KeyShot 7 is our biggest update yet with new features an enhancements that cover every area of KeyShot. Below you'll find the top features in this release with short description on how it works and a link to more information.
Workspaces allow you to select preset UI arrangements or save your own custom arrangements of the KeyShot UI to best suit the way you work. Workspaces remember window dock state, position and size, Library and Project tab order, tab visibility, torn-off tab state, Toolbar and Ribbon position and Ribbon icon visibility. Learn more in the manual on the Workspace page.
How it Works The Ribbon at the top of the KeyShot UI now contains a dropdown menu at the far left where you can select, add, and manage Workspaces. To create your own custom Workspace make adjustments to any of the items mentioned above click the Workspaces dropdown and select Add… to launch a name entry field and save. To save changes to an existing Workspace click Apply Changes… To adjust display order, import, export, or delete Workspaces click Manage...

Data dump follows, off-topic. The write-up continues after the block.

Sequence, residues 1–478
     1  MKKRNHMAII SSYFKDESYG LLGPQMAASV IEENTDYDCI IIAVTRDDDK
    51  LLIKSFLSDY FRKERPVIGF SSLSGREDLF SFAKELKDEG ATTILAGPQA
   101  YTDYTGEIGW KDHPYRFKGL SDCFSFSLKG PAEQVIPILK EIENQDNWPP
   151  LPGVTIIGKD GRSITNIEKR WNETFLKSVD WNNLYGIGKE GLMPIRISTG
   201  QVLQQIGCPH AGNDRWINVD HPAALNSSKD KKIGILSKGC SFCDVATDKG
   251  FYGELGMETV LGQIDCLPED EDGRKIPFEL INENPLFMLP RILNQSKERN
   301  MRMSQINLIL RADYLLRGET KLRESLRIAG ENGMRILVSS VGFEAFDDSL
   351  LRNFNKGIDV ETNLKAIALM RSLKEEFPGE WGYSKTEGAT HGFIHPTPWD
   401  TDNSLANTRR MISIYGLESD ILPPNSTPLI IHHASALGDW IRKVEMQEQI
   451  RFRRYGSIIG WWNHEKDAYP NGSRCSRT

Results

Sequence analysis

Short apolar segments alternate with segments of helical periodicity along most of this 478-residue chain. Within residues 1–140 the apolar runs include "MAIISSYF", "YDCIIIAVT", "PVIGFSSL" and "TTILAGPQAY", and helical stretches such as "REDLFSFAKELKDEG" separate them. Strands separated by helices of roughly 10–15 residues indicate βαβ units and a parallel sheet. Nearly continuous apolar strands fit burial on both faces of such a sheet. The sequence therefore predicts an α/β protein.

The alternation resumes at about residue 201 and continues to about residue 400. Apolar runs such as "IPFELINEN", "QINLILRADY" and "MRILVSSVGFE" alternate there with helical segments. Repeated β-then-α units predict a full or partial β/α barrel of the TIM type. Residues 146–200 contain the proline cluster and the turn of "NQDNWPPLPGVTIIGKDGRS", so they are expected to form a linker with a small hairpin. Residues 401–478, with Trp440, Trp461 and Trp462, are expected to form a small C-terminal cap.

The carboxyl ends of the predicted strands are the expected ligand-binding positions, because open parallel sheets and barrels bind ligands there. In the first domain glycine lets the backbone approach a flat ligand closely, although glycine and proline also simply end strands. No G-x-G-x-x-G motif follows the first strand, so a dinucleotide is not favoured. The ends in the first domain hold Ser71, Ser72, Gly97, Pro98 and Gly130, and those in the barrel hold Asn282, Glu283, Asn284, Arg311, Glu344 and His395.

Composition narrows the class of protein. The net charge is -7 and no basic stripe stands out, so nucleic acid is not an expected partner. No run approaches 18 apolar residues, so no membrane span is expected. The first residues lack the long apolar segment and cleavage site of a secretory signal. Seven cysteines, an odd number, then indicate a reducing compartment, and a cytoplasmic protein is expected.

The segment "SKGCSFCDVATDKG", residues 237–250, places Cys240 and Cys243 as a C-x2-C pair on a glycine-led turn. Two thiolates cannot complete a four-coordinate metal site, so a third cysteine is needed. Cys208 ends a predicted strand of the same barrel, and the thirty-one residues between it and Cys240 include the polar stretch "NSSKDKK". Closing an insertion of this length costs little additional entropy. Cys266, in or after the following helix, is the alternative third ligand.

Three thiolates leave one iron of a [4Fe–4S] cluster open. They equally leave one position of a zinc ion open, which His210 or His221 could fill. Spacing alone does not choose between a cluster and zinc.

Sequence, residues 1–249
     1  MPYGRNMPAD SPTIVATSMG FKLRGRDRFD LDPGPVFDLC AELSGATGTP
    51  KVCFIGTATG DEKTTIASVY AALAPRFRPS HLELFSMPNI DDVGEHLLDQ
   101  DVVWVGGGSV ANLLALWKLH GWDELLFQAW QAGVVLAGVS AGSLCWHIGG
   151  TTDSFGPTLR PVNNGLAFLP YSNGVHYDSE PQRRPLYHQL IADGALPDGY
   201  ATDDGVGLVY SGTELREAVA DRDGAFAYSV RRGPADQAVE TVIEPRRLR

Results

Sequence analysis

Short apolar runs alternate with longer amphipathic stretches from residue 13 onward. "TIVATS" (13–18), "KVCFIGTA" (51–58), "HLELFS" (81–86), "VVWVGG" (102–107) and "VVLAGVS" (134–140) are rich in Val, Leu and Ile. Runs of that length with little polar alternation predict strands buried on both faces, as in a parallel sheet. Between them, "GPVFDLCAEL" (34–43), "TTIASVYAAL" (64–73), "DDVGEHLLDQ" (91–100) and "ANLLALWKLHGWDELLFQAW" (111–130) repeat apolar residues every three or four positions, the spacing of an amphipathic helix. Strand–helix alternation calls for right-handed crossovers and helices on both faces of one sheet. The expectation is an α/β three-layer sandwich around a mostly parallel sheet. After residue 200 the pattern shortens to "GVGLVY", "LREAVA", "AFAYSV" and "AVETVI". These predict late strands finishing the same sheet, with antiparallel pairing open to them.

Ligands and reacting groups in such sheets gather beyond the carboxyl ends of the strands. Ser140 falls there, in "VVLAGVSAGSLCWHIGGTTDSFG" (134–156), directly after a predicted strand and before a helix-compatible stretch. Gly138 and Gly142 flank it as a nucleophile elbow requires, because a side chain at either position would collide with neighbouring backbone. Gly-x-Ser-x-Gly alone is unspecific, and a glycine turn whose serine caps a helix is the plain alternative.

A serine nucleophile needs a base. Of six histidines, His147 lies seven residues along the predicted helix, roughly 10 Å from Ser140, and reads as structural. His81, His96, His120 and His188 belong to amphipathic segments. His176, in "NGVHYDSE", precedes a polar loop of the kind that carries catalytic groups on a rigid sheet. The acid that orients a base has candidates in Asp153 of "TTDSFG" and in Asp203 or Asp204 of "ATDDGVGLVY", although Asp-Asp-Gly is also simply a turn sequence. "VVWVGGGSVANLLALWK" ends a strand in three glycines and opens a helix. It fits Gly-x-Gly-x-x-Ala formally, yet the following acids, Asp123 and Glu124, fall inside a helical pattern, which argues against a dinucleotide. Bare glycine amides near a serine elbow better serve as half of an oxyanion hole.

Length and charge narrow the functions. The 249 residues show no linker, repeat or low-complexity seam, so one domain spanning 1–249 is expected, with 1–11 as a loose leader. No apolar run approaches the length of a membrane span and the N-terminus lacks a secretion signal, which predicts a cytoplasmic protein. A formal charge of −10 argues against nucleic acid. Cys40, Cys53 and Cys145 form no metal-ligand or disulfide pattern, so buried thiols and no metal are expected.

KeyShot 7 now allows you to assign custom hotkeys for many KeyShot commands. Learn more in the manual about the new Hotkeys.
How it Works The Hotkeys preferences can be accessed by selecting Edit, Preferences and selecting the Hotkeys section or by pressing the K-key to show the Hotkeys Overview where you will see a button for Setup/Details... in the bottom right corner. This will take you to the Hotkeys section of the Preferences page. Here you can set custom Hotkeys for any of the listed actions.
New Material Types
The Plastic (Cloudy) material type contains light-scattering particles to replicate complex, scientifically accurate materials such as Polycarbonate or ABS. This material has settings to control light Transmission, Cloudiness, and Scattering Directionality. Read more about Plastic (Cloudy) material type here.